Mentoring the Next Generation
- Corporate Executives and boards have failed to develop the next generation of Black executives for opportunities that lead to becoming CEO.
- Collectively, since 1987 there have only been 21 Black CEO’s of Fortune 500 companies.
- In 2004, there were 6 Black CEO’s in the Fortune 500 and the number peaked in 2014 at 7. Progress has clearly stalled – currently at 5.
- In contrast, in the Fortune 500, there were 8 women CEO’s in 2004 and there were 37 by 2020. Clearly an inadequate number but significantly more progress.
- We have made important and critical progress in advancing women while at the same time we see declining numbers of Black CEO’s. This is not for lack of talent. I believe it is for lack of needed development.
- In reality, there are hundreds of Black executives who have the potential to become CEO’s or executives, but fail to receive the development, mentorship, and sponsorship needed to successfully navigate the final climb to the C-suite and CEO.
- When they are fortunate enough to have mentors, they may lack an understanding of the unique challenges Black C-suite executives face.
- The best mentors and guides are current and former Black CEO’s who understand the unique challenges they face with Boards, peers, stakeholders, media and employees.
- Build a learning network and community of 25 Black executives from Fortune 500 companies who have the near, mid-term potential to become CEO’s. Individuals would be nominated by their CEO and Board.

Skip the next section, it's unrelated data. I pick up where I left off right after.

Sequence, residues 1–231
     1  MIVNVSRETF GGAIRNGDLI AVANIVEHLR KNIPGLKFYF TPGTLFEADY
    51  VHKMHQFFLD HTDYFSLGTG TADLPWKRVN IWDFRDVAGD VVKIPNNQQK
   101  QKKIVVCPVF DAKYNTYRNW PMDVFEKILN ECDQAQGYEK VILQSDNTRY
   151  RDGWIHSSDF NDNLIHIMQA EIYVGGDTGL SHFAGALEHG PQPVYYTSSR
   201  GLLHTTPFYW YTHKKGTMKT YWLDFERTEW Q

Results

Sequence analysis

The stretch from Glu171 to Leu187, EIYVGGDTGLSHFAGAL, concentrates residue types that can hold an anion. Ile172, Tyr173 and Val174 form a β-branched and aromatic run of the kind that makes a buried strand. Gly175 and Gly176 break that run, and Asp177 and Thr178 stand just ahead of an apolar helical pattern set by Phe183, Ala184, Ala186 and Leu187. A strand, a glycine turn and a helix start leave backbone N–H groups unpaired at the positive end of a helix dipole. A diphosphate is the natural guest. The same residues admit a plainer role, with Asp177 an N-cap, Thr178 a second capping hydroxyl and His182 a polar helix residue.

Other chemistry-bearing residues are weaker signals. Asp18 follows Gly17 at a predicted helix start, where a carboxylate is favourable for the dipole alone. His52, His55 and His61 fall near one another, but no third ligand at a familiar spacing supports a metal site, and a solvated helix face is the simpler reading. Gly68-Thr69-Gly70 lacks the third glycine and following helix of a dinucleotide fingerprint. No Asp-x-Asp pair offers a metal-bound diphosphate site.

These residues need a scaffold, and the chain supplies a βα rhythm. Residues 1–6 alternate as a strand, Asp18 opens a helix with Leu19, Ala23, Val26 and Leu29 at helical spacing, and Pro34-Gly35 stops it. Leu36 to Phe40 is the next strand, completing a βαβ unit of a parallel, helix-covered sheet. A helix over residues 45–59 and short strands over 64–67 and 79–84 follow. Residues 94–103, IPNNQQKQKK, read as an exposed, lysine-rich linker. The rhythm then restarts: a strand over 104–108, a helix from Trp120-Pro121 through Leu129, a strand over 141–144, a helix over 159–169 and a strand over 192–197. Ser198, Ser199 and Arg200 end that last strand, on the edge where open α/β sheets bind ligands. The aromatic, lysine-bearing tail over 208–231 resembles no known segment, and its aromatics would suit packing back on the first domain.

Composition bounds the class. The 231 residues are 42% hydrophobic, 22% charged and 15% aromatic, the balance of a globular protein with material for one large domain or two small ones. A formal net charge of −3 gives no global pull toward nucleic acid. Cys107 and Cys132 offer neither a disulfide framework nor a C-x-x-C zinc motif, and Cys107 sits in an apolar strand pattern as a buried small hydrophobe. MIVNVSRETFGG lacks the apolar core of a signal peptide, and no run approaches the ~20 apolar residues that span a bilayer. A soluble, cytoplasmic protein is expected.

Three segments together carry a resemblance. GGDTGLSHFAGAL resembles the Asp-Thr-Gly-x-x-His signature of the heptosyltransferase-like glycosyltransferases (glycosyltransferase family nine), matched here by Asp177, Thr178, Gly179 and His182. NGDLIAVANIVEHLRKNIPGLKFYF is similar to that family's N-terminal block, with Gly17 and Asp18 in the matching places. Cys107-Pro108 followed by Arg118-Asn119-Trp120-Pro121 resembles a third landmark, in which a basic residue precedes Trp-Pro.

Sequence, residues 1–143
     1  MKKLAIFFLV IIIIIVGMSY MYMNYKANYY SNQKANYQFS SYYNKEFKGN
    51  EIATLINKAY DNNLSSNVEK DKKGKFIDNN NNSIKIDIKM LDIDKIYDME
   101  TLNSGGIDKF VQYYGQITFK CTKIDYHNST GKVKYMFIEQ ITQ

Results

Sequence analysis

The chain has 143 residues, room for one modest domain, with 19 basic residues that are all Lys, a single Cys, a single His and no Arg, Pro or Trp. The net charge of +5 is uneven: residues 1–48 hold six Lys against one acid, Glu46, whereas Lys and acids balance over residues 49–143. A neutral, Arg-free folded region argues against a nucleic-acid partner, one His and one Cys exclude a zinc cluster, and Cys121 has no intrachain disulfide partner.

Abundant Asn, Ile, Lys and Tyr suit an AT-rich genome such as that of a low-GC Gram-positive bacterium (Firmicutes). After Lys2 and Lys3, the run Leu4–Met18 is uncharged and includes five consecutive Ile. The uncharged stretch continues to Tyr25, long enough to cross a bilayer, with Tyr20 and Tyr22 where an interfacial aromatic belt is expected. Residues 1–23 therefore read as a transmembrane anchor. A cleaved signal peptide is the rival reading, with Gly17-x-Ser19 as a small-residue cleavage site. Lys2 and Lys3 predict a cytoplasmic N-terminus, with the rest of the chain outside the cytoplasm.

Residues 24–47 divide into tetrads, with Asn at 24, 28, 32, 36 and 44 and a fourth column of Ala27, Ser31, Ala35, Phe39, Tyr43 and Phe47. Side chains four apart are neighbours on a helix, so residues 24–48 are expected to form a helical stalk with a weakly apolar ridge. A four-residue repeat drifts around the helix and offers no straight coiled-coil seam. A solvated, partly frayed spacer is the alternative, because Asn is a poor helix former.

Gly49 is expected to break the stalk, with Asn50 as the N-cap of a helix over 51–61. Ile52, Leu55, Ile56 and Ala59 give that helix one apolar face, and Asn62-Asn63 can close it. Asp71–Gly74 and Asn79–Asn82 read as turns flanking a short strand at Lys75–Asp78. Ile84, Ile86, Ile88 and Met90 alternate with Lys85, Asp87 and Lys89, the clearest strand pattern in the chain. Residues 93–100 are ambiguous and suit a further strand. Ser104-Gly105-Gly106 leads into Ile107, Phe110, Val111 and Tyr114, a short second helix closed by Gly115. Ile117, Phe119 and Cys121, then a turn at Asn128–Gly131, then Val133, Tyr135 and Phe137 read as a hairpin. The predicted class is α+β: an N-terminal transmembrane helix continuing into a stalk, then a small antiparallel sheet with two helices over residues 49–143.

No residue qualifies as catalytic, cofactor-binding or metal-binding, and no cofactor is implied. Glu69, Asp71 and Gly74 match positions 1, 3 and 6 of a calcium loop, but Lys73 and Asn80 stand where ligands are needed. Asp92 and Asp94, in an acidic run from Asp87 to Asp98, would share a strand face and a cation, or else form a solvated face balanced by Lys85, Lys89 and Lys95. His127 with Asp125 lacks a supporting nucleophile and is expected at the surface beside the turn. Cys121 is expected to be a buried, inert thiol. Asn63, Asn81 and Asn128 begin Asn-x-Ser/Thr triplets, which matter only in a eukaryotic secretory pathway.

- Typical current roles would include CFO, Business Unit President, and Chief Operating Officer.
- The group would meet 4 times a year (by video near-term and in-person post Covid-19) and have access to the faculty for phone calls, counsel and advice.
- For each session, the group would convene for 5 hours – sessions would include a peer exchange and discussion. A key highlight of each session would be a focused, in-depth moderated discussion on topics identified by the group and would feature a panel of experienced CEOs, C-suite executives, board members and other requested speakers.
- The faculty would be composed of current and former Black CEO’s supplemented by Black C-suite and corporate board members.
The Solution: Leaders Coaching Leaders
- The program is lead Ronald A. Williams, former Chairman and CEO of Aetna. He is a currently Lead Director of American Express, and a Director of Johnson & Johnson and Boeing. He serves as Operating Advisor for Clayton, Dubilier and Rice, where he has served as Chairman of the Board for portfolio companies the firm has successfully monetized and exited. He is the best-selling author of Learning to Lead: The Journey to Leading Yourself, Leading Others, and Leading an Organization – ranked #7 on the WSJ best-selling business books list.
- The Leaders Coaching Leaders program is being undertaken as a non-profit activity. The initial funding is being provided by the Williams Family Foundation. Discussions are underway with other potential sponsors.
- A fee will be charged for each participant to support the program and fund scholarships for Black MBA students.
- Ron Williams
- Ken Chenault